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Old 09-02-2018, 11:23 AM   #19 (permalink)
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Interesting design for a brake system.
One item I did see during its operation you may wish to address.
When applying the brake, you can see the side frame deflecting where you have the servo mounted.
You may want to consider reinforcing that area to minimize flexing.
Perhaps a set of frame stiffeners joining the two side frames together on either side of the servo.
Or a inserting a section of box channel in between the frame sides






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Old 09-02-2018, 11:23 PM   #20 (permalink)
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Good observation nightflyr, you are correct. There is some flexing of the side frames when applying the brake.

I actually have an aluminum block bolted into the side frames now giving it support. Its the Velos 880 landing gear block that I use for the cargo hook frame so now its doing double duty as cargo hook and support for the rotor brake(s).

The side frames are not that tall in that area so even though they are supported by the cargo hook block, they roll a little anyway with the aluminum block from the torque of the rotor brake servo.
I really wanted to provide a "hanger strap" from the transmission plate down to the servo but it didn't line up properly. That would end the flexing completely.

I'll be testing the second rotor brake today so it will be interesting to see what happens to the torque from the brake servos when both are actuated at the same time.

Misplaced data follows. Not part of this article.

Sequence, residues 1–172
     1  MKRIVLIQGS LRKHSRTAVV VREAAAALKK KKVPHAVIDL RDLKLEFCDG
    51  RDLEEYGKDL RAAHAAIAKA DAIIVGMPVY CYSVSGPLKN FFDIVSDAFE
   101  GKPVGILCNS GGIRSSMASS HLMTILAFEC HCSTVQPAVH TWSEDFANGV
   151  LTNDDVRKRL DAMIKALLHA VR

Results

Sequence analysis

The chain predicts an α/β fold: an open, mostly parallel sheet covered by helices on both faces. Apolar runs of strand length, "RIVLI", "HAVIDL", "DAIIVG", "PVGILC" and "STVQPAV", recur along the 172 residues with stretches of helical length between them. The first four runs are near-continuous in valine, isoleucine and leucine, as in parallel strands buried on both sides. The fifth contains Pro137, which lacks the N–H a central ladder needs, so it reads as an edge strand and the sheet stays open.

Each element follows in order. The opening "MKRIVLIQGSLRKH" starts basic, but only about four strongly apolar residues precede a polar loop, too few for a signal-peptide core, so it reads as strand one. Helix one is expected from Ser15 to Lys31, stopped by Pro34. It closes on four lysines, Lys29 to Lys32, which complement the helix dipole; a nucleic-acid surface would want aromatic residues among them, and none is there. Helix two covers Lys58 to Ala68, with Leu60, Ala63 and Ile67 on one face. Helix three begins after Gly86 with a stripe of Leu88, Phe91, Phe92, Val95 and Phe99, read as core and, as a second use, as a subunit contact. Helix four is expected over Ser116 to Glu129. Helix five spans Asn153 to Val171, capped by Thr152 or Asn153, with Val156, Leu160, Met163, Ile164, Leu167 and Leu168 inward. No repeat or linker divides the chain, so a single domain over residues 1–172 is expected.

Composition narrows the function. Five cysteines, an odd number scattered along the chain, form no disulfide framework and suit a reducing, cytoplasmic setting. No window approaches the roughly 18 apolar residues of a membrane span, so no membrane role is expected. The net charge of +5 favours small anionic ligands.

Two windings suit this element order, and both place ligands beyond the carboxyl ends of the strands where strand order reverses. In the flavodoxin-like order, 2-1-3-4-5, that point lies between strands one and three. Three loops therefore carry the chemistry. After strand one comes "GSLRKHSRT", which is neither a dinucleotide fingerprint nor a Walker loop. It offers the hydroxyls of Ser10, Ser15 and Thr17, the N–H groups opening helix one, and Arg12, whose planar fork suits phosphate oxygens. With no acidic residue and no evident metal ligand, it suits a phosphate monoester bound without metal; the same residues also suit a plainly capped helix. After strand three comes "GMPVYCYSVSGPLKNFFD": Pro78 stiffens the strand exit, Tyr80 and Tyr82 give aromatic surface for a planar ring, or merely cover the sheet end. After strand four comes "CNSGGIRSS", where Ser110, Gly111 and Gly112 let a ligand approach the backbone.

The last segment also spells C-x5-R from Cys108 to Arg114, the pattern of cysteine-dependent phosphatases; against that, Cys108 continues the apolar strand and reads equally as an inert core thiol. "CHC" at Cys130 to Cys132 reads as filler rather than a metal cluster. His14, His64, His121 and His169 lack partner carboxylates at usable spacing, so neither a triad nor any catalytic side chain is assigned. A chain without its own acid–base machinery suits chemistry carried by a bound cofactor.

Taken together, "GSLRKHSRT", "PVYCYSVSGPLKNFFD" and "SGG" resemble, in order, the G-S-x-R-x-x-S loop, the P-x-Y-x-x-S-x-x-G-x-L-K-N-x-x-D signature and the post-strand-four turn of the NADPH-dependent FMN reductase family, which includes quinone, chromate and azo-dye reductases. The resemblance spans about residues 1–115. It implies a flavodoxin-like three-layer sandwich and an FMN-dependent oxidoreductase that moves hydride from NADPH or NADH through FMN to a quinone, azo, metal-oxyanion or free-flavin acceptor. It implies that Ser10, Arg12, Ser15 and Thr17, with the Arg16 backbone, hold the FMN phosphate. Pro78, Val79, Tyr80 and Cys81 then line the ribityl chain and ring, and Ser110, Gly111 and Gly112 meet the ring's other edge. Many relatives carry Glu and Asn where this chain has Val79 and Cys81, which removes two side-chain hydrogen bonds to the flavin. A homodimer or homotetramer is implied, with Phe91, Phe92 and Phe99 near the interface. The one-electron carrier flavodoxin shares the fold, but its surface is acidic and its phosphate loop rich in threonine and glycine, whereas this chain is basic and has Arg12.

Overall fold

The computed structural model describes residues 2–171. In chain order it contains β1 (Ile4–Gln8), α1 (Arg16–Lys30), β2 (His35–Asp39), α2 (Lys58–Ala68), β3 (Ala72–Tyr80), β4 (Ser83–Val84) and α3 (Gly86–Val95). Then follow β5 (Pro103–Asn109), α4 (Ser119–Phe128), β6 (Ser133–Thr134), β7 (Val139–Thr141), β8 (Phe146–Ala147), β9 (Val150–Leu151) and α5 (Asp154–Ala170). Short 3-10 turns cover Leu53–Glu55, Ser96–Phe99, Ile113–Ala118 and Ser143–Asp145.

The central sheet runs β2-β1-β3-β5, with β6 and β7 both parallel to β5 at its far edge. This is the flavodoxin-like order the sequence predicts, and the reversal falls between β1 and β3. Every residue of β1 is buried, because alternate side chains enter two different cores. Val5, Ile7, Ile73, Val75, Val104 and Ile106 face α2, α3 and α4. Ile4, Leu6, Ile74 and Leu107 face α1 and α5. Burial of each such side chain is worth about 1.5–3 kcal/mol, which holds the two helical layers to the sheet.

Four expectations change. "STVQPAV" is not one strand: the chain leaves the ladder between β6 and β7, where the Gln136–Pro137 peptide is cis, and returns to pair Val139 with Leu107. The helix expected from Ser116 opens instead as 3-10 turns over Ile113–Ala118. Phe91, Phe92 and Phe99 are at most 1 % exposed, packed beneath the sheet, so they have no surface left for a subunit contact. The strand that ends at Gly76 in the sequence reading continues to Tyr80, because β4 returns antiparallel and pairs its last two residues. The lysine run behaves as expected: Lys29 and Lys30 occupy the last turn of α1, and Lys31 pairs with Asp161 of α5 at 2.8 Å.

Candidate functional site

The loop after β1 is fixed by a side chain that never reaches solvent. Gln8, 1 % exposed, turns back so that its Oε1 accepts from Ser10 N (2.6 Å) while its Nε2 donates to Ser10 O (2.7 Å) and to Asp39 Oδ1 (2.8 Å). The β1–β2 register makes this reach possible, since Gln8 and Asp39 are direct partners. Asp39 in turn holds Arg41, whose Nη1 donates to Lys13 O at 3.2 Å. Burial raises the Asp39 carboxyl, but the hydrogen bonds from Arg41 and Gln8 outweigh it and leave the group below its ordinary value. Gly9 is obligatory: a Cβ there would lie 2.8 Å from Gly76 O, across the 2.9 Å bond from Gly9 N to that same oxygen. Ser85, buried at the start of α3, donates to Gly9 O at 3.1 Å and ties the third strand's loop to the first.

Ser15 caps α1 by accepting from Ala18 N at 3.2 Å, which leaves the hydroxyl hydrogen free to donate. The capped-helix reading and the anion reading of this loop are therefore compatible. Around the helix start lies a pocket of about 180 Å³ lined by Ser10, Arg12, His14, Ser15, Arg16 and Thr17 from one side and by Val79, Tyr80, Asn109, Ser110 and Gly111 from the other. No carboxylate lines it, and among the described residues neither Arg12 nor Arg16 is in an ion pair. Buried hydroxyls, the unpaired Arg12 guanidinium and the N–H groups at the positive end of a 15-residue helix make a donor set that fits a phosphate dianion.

They may push against each other through the side frames and the rolling of the frames I see with one brake actuated may be cancelled out.

Either way I am not too worried about it except its lost pressure to the brake pad.

Can't wait to see what dual rotor brakes will do.
A rotor mass weighing in at over three pounds turning at 1200RPM can't stop instantaneously, but it will be interesting to see how fast it can decelerate.

You have to love the Xpert servos, they are put into full stall for several seconds during rotor brake actuation and they just keep going without issue. Talk about a torture test.

Thanks for you observation and post, I appreciate it!

I'll be posting more on the dual rotor brake setup. If its impressive enough in its stopping ability of the rotor I'll post another video showing the action.
My quest is to get the shortest stop time without damage and without using blade pitch.
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Velos Rotors<<SAB<<Compas<<Align<<Walkera <<Propel